Other adding machines are found scattered in the NMAH collections. The mathematics collection also has collections of adders, bookkeeping machines, and calculating machines, which are described separately. Notable collections of adding machines include those of the CNAM in Paris, the Science Museum in London, and the Arithmeum in Bonn. Numerous other repositories, as well as individuals, have one or more important machines.
Useful sources for the study of adding machines include trade literature produced by manufacturers and trade journals such as Typewriter Topics and Office Equipment Topics (later Business Equipment Topics). Several volumes produced for office machine dealers are also of help. Museum catalogs, scattered articles, and a few books offer useful perspectives. This list is limited to publications discussing products of several companies. Specific references are also given in discussions of individual machines.
American Office Machines Research Service, [Descriptions of Office Machines], vol. 3, New York: Office Machines Research, Inc., 1937-1939.
D. Baxandall, revised Jane Pugh, Calculating Machines and Instruments, South Kensington: Science Museum, 1975.
Business Machines and Equipment Digest, Chicago: Equipment Research Corporation, 1928.
Conservatoire National des Arts et Métiers, Instruments et Machines a Calculer, Paris: 1942.
J. W. Cortada, Before the Computer: IBM, NCR, Burroughs, & the Industry they Created 1865-1956, Princeton: Princeton University Press, 1993.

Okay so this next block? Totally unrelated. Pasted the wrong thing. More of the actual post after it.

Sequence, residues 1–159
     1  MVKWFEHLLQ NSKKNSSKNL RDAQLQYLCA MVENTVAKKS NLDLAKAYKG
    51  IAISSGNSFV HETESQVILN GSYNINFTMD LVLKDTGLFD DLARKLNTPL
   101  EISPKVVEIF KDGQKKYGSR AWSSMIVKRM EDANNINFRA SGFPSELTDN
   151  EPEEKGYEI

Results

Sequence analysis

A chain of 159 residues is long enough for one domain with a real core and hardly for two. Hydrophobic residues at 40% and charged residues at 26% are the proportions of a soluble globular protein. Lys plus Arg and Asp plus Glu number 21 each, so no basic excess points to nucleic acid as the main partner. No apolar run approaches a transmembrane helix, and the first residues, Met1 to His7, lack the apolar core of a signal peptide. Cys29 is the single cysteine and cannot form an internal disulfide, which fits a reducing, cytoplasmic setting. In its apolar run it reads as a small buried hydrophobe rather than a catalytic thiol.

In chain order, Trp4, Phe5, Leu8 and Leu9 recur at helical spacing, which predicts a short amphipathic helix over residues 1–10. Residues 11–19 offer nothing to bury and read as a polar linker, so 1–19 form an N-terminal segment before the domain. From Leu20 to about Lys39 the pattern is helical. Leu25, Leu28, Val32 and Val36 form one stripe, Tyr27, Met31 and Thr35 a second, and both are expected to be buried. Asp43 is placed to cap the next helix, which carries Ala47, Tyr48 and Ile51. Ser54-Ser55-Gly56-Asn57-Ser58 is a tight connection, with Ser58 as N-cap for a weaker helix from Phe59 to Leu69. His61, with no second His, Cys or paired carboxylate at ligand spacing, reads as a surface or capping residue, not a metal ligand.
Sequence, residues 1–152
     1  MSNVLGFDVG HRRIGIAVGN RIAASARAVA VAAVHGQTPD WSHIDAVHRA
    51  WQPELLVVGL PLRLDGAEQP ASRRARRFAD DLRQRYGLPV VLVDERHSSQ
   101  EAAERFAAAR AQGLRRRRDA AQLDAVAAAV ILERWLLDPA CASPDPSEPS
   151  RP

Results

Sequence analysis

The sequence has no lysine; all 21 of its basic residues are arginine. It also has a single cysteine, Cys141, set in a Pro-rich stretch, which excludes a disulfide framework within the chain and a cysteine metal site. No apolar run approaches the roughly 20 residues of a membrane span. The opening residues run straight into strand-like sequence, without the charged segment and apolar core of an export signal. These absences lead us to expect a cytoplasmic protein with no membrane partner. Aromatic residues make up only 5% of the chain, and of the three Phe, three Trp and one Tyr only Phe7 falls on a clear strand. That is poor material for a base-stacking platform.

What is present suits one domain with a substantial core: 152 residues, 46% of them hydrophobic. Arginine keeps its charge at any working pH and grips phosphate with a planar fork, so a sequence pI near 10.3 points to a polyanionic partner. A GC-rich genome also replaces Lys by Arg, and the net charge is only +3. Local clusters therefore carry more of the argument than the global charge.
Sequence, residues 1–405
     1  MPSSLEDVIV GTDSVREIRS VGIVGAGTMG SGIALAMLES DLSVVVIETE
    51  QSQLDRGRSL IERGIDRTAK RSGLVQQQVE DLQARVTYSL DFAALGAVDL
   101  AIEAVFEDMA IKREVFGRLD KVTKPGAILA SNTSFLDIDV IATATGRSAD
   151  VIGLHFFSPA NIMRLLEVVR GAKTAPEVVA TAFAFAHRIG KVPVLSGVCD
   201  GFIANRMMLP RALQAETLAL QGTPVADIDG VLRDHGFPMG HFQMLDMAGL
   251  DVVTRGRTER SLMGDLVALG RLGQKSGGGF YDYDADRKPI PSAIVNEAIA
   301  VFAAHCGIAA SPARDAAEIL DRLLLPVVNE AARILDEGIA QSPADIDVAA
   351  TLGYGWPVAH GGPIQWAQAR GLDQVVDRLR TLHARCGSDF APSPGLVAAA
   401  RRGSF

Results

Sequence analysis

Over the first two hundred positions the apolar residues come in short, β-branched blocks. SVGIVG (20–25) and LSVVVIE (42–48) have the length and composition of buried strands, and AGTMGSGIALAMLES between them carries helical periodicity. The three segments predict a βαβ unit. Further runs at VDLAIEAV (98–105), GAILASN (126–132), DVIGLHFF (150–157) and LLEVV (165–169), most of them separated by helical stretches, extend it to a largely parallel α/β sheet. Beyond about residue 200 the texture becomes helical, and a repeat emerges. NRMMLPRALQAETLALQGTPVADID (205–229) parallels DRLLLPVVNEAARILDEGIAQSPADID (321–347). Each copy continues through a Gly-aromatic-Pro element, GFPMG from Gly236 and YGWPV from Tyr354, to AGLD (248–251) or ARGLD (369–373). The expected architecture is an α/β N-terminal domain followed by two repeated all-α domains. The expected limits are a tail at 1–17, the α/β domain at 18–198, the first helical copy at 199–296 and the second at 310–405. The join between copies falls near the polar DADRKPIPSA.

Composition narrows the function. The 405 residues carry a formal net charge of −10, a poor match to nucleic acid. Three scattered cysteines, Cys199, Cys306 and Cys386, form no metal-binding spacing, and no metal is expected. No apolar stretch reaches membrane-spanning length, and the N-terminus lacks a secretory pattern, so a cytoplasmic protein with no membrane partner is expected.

P. A. Kidwell, “The Adding Machine Fraternity at St. Louis: Creating a Center of Invention, 1880-1920,” IEEE Annals of the History of Computing, 22 #2 (April-June 2000), pp. 4–21.
P.A. Kidwell, “’Yours for Improvement’: The Adding Machines of Chicago, 1884-1930,” IEEE Annals of the History of Computing, 23 #3 (Jul-Sept 2001), pp. 3–21.
J. H. McCarthy, The American Digest of Business Machines, Chicago: American Exchange Service, 1924.
J. Marguin, Histoire des instruments et machines à calculer, Paris: Hermann, 1994.
E. Martin, The Calculating Machines (Die Rechenmaschinen), trans. P.A. Kidwell and M.R. Williams, Cambridge: MIT Press, 1992.
J. A. V. Turck, Origin of Modern Calculating Machines, Chicago: Western Society of Engineers, 1921.
Online resources are ever-changing. In addition to the web sites of the institutions listed, useful information is available at:
The Early Office Museum - www.officemuseum.com.
Rechnerlexikon - An online encyclopedia on mechanical calculation, largely in German – http://www.rechnerlexikon.de/.
An online version of Martin’s book cited above, with added illustrations, is at http://www.rechenmaschinen-illustrated.com/.
The web site of the IBM Archives included the “IBM Attic” which has images of several machines. See http://www-03.ibm.com/ibm/history/exhibits/.